Two weeks after the operation Mrs Pearce discovered she was pregnant. She was delighted. But three days later the bleeding started. It went on for several days and eventually Mrs Pearce was taken to hospital. A young doctor there broke the news: the body of the foetus was "coming away in pieces".
He explained: she had actually had a D and C (Dilatation and Curettage), a procedure in which the contents of the womb are "cleared out". The Harley Street surgeon decided to waive his pounds 1,000 fee in view of the delicate situation. Mrs Pearce, now 44, laughs bitterly as she recounts this. As if pounds 1,000 could compensate for the loss of a child. She is thinking about pursuing the matter through the courts, but is disillusioned by the response: "If I was a member of the Royal family people would care. But I am Mrs Nobody, Mrs Ordinary from Milton Keynes."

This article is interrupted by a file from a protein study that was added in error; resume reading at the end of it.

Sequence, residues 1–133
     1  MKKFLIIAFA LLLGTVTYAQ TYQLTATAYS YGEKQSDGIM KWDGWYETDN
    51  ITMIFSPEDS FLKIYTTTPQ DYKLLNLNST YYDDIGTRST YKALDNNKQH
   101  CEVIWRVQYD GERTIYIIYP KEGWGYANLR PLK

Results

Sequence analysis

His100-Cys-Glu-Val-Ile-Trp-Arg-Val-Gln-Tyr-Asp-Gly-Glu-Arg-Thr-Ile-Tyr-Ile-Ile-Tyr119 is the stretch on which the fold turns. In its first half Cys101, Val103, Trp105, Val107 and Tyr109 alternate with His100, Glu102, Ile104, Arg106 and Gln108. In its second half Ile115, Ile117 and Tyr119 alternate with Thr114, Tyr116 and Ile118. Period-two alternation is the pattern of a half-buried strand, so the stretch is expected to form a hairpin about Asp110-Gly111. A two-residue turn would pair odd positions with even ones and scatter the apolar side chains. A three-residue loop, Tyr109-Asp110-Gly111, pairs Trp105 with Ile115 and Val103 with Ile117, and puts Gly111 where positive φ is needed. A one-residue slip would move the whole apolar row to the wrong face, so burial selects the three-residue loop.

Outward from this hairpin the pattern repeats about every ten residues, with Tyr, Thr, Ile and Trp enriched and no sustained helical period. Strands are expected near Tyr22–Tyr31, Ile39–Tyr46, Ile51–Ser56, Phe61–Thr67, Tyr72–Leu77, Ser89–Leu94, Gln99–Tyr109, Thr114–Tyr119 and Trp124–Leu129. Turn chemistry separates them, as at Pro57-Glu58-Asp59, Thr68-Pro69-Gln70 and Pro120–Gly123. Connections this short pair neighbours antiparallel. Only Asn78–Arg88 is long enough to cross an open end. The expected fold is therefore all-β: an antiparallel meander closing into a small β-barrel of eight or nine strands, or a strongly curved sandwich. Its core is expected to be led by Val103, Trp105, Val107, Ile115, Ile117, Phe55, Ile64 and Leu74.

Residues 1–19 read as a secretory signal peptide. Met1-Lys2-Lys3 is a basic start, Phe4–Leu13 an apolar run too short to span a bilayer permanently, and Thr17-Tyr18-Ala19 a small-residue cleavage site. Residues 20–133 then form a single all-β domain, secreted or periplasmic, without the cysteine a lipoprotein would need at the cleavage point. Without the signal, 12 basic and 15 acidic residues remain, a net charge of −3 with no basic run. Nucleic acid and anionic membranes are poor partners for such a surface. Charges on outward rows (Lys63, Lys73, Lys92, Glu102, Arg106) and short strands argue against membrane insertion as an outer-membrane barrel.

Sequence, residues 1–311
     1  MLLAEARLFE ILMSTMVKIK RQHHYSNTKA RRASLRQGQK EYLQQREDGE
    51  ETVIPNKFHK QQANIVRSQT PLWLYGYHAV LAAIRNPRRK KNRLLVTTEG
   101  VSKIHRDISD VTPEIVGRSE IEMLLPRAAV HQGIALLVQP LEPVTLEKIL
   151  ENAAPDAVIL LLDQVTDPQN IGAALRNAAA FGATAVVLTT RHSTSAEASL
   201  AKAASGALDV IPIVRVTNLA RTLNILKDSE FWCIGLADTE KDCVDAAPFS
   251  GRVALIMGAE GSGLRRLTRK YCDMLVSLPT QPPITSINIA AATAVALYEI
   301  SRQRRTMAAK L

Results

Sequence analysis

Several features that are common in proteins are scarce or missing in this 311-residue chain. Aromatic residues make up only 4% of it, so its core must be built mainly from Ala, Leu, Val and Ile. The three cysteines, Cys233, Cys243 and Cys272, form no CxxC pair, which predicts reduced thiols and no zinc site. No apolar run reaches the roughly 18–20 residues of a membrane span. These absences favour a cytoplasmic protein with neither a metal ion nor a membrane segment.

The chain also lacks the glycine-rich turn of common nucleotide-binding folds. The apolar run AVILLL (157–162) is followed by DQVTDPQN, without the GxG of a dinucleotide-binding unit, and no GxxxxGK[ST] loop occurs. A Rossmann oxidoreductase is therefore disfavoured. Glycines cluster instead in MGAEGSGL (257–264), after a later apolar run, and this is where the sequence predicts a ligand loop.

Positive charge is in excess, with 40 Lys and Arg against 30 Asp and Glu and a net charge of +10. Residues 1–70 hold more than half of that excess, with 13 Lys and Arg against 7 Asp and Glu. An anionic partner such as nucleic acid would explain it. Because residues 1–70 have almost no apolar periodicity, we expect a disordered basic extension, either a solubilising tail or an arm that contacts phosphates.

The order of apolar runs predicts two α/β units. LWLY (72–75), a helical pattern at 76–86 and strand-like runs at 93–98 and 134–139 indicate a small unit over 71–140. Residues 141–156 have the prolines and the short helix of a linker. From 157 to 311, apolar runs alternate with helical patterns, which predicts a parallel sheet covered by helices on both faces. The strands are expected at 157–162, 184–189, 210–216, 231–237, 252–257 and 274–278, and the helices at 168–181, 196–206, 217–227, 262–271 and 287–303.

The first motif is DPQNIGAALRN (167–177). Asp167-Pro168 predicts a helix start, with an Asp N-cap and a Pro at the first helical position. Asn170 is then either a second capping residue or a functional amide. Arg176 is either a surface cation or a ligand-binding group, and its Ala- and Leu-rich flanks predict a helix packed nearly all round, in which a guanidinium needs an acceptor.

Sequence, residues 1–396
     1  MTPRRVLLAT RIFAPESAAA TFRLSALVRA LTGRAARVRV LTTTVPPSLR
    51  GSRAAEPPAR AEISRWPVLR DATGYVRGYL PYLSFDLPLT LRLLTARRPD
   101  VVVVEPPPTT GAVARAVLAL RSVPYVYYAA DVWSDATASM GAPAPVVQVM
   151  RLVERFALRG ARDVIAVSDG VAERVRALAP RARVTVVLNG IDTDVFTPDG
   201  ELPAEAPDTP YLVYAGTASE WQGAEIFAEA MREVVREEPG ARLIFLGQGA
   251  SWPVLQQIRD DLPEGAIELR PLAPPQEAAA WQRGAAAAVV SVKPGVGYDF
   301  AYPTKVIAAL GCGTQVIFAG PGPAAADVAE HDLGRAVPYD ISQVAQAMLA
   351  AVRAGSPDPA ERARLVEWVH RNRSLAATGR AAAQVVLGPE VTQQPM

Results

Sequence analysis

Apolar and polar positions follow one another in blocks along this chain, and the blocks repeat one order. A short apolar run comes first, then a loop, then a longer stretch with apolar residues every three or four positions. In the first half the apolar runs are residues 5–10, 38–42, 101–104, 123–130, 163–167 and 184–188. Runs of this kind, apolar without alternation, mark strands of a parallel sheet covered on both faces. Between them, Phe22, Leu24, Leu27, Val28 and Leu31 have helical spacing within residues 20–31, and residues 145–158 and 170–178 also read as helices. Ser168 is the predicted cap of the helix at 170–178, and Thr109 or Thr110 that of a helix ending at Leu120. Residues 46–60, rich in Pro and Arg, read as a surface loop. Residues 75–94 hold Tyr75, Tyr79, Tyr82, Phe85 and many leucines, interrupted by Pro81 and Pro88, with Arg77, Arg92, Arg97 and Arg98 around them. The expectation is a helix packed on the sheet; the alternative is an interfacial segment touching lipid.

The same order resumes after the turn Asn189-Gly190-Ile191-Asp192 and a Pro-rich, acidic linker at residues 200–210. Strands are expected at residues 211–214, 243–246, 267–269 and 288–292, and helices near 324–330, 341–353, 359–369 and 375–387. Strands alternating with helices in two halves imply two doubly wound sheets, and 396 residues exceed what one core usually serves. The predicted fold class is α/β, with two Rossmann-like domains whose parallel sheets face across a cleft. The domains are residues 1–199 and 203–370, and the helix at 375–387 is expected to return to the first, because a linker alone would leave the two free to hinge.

Mrs Pearce is not the only woman who is fed up with the "cavalier" treatment of her reproductive system. Barbara Whiten, a 38-year-old college lecturer from Kirkby in Ashfield, Nottinghamshire, who lost her 11-week-old embryo during a hysterectomy, is also angry. Her surgeon, Reginald Dixon, a consultant obstetrician and gynaecologist at King's Mill Hospital, Sutton in Ashfield, Nottinghamshire, has recently been found not guilty of unlawfully procuring a miscarriage.
Mr Dixon claimed that he had "acted in good faith" when he terminated Mrs Whiten's pregnancy in March 1993 while she was under general anaesthetic. He says he took into account Mrs Whiten's age (35), her mental health (she had attempted suicide the year before), and the fact that she already had two step-sons, before making his decision.